Saipan Incident – An Introduction
This is my attempt to analyse the Saipan incident of 2002 and the events leading up to it. The events in Saipan convulsed the Irish nation. In my certain memory there has never been an incident quite like it that so polarised wide segments of the Irish people. I don’t know any Irish person that doesn’t have a strong view on the Saipan affair and I don’t know anyone that doesn’t firmly side with one or other of the two main protagonists in the drama that was played out in the Far East. The middle ground is very sparsely populated indeed. If you’re Irish you’ll get what I’m saying and if you’re not you’ll probably think that I’m exaggerating, or mad, or both.
When the Saipan incident unfolded a wondrous dichotomy was born that has cleaved the Irish psyche. Perhaps only the passage of time will bring relief. When I first heard the news that the Irish manager Mick McCarthy had sent the Irish captain, and our best player, Roy Keane home I was truly shocked. As the shock subsided and the different versions of events emerged I had no doubt as to whose side I was on. And like almost everyone else in Ireland I have stood steadfastly by my choice ever since. I never seriously questioned my decision – if it was actually a decision. To me it was the obvious conclusion and those on the other side, my polar opposites, were blinded by unthinking loyalty to their man.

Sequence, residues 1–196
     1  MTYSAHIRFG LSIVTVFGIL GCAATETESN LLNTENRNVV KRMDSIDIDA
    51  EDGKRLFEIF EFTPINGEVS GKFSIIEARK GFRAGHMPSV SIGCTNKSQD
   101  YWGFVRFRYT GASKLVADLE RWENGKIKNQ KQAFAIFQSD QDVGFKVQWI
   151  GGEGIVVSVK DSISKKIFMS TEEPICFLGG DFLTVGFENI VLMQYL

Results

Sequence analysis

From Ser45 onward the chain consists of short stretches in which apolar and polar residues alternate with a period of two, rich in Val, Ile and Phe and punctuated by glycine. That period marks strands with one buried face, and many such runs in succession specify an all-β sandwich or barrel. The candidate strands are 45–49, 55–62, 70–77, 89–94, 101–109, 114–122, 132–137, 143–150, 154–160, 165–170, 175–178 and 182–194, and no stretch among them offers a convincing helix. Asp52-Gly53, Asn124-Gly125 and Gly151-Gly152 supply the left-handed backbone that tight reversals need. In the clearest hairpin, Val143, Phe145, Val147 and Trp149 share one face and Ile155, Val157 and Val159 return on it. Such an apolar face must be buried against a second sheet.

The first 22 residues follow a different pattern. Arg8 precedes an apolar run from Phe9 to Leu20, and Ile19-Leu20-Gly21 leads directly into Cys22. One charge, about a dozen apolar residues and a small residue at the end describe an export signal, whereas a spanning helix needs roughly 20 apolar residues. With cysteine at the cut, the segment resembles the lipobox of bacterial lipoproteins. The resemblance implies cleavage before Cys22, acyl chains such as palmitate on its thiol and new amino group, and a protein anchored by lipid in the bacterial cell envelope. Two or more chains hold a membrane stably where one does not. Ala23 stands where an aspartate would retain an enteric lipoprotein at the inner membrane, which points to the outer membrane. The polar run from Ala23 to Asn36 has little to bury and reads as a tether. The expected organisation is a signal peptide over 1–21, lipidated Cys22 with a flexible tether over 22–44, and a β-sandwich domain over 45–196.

In civil wars families can be divided and brother may be pitted against brother. In the period immediately after the news broke that Roy Keane had been sent home from Saipan I recall having many very heated debates with my brother. He is one of the most mild mannered and thinking individuals that one could meet. How was it that he was so blind? How could he be so irritating by holding on to a position that was so patently wrong? His man was clearly offside in the Saipan affair that even a SpecSavers ref could see it. Funny enough his views of me were probably just the same as mine of him.
It’s seven years since Ireland’s JFK moment. This is a seven year itch I couldn’t resist scratching at. However to bring real relief it had to be a serious scratch. I had to scratch deep beneath the surface to find out the real truth behind the eruption that occurred on that volcanic island in the Far East. To do this I had to try to be as dispassionate as possible and leave my deeply held views, nay prejudices, in the dressing room before I crossed the white line. It was difficult but I tried. Only others can determine if I succeeded but no-one should pass judgement on that unless they have read everything that I’ve written and understands the methodology that I used in arriving at my Saipan conclusions. It’s all here in the Saipan Table of Contents.
PS: Apologies for all those irritating soccer metaphors
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